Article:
On 14 October, noted Oxford historian Liz Woolley expounded highlights from the life of Olive Gibbs (1918-1995). Olive was born in a tenement block in Osney Lane, Oxford. In her autobiography Our Olive she described her father’s violent tyranny, and her childhood grudge that their flat had no upstairs: in stories, children always went to bed upstairs. According to her sons Andrew and Simon, Olive was ‘five foot cubed’. She won a scholarship to Milham Ford school, and achieved an excellent School Certificate. She wanted to become a journalist, but that was considered unsuitable for a woman. Instead, she became a librarian. Her boss thought she ‘had presence’. She thought him a ‘pompous ass’.
Olive’s political career began with a campaign against a planned wholesale closure of nursery schools. She was a city councillor for 30 years, and also a county councillor. She rebelled against the domination of politics by men who seemed ‘older than God’, and overcame bouts of depression and anxiety. In 1959, she refused to follow the local Labour party line, and opposed the plan to build a road through Christ Church Meadow. She and her husband Edmund Gibbs led the campaign for the demolition of the infamous Cutteslowe walls. Olive drove the successful opposition to the demolition of the Jericho quarter of Oxford. She championed wide educational opportunities at the (then) Oxford College of Further Education and Oxford Polytechnic.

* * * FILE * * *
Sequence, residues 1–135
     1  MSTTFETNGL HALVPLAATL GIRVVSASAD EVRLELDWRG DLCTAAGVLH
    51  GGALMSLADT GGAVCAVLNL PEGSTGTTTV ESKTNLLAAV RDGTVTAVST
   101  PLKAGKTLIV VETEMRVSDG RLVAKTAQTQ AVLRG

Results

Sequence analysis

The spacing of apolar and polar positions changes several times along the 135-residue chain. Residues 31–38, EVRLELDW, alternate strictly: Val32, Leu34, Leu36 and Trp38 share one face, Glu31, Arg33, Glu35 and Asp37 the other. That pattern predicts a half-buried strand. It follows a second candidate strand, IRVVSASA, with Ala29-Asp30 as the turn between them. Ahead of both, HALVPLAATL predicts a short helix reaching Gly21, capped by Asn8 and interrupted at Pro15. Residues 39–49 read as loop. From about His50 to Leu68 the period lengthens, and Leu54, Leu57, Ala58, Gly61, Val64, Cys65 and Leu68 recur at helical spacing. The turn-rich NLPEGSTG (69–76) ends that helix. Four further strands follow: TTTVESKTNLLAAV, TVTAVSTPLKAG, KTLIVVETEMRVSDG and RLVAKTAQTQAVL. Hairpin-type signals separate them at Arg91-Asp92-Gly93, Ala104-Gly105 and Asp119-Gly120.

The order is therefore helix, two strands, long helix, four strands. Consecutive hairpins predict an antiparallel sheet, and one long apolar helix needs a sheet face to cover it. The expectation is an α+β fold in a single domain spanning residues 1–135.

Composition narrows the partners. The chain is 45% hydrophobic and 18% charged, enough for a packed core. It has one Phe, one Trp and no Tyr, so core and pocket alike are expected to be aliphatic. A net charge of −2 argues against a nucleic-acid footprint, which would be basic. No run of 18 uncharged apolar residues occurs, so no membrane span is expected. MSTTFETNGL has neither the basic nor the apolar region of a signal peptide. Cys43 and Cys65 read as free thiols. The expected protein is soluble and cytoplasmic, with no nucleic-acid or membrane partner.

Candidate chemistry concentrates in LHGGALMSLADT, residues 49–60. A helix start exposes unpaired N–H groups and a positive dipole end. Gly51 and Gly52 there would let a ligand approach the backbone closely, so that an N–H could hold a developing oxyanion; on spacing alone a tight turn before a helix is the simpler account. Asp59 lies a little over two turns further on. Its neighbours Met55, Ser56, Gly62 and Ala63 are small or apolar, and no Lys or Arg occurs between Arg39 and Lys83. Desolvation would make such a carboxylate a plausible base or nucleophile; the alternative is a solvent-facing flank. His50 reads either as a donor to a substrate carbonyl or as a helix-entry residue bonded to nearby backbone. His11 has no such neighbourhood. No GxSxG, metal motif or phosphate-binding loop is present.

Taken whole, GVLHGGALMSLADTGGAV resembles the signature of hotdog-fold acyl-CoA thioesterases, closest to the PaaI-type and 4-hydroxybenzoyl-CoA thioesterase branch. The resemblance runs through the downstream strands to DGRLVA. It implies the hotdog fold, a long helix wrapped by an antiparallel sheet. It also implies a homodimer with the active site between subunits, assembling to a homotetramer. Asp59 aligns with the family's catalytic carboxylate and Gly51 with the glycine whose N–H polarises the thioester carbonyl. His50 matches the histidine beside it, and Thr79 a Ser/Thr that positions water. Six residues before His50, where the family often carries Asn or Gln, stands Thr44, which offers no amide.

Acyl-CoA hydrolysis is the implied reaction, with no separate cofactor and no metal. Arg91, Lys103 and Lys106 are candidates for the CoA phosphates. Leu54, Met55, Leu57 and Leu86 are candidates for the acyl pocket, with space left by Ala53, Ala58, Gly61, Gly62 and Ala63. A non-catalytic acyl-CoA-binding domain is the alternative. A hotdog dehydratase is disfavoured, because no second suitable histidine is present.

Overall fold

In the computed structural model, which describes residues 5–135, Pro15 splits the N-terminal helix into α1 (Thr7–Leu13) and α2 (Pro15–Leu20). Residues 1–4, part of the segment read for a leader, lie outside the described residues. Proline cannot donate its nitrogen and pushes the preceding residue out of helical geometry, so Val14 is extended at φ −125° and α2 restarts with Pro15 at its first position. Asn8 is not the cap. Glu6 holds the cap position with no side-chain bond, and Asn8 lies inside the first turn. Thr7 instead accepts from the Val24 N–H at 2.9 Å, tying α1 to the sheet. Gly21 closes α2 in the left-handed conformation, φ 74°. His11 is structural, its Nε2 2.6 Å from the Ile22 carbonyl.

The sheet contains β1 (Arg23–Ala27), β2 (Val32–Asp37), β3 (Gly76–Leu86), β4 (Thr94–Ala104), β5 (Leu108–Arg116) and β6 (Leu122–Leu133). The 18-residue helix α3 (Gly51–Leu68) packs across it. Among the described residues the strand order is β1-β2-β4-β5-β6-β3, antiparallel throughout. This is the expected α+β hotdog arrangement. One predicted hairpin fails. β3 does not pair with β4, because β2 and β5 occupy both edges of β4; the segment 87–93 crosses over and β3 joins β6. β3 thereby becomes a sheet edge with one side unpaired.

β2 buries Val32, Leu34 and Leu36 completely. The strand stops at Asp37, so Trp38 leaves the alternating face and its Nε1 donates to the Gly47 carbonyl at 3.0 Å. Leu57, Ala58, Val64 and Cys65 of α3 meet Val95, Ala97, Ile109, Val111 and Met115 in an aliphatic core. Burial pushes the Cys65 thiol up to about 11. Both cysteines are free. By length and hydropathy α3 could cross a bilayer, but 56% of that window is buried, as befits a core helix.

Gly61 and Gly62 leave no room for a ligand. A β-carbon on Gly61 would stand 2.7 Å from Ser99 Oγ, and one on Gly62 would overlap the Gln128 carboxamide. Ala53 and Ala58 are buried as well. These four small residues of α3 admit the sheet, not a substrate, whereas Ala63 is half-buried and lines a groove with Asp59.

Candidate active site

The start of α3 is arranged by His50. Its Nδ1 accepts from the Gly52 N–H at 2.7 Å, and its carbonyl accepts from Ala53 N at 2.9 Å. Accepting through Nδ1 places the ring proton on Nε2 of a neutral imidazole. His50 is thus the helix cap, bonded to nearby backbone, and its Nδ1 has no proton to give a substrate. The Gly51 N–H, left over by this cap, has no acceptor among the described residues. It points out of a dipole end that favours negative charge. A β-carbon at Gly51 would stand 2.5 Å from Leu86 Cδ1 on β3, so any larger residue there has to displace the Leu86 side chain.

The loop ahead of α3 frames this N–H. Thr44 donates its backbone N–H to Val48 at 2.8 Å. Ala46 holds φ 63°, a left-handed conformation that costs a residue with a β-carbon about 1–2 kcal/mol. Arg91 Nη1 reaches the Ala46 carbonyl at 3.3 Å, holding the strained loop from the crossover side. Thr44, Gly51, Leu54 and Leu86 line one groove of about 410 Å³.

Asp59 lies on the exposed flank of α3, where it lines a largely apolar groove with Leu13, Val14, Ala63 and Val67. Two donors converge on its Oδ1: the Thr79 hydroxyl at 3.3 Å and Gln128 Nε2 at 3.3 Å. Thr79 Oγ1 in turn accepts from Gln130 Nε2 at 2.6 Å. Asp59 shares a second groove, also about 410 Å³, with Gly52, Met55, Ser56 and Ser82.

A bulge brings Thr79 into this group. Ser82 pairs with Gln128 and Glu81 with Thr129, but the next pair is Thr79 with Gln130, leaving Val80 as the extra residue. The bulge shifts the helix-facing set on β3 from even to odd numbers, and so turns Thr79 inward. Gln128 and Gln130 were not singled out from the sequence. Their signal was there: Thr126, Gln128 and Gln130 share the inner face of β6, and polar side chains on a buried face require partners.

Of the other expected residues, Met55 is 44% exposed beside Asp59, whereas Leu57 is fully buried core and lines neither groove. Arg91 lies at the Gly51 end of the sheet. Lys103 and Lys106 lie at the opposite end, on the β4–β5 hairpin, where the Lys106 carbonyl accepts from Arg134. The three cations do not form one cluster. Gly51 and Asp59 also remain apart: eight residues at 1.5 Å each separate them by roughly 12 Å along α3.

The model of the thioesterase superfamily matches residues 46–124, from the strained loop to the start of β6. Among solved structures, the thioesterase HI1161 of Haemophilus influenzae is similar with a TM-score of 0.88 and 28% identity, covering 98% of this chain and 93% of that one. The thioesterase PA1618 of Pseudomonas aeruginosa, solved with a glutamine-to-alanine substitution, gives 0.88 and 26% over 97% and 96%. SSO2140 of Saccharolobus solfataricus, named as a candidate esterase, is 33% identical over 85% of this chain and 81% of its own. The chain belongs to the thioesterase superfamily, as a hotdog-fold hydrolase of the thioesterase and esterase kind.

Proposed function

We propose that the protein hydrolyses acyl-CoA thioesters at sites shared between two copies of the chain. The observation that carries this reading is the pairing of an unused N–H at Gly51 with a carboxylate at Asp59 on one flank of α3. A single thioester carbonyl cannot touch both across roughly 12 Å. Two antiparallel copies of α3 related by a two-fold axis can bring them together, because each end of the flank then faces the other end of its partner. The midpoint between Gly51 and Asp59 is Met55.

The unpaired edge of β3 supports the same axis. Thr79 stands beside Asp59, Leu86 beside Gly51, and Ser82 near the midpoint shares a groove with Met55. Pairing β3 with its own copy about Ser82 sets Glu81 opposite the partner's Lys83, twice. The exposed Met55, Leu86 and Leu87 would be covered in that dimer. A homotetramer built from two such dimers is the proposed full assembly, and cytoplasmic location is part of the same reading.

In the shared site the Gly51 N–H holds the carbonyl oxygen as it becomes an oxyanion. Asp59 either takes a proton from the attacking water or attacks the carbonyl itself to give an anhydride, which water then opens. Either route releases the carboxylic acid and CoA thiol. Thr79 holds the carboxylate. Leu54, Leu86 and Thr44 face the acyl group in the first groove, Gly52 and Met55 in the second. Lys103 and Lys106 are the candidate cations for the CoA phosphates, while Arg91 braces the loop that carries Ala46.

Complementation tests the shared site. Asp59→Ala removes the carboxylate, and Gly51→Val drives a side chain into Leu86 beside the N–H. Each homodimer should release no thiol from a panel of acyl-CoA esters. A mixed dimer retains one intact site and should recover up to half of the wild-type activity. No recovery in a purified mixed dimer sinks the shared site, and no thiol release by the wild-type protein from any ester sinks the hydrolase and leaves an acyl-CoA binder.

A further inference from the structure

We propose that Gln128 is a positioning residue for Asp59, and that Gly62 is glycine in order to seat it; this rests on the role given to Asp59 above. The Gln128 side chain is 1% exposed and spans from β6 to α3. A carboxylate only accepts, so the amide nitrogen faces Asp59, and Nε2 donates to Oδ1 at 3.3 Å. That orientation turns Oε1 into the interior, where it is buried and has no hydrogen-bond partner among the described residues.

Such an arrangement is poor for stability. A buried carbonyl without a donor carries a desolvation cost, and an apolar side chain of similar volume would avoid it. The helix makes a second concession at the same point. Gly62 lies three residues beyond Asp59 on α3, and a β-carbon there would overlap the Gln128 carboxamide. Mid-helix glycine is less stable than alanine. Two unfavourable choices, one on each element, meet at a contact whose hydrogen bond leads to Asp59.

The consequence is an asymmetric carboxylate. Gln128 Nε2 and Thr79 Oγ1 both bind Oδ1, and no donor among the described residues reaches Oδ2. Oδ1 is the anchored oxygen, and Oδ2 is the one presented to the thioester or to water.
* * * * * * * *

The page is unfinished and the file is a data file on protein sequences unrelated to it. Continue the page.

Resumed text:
At an RAF dance in August 1945, there were cheers for the bombing of Hiroshima. Olive wrote that she ‘alone remained slumped in my seat, pale and trembling’. She became a founding member of the Campaign for Nuclear Disarmament, and its chair 1964-1967. Andrew Smith, MP for East Oxford 1987-2017, once commented that he learnt from Olive all the good arguments against nuclear weapons.
A member’s comment after Liz Woolley’s talk noted the universal respect for Olive Gibbs, even among supporters of other parties.
This was the History Club’s first meeting in the parish church. The sound system worked notably well. The heating had failed, but the church is confident it will work properly for the next meeting: 7.30 pm on 11 November, a talk by Richard Dudding on ‘Radley Large Wood: monks, deer, riots, canal and bluebells’.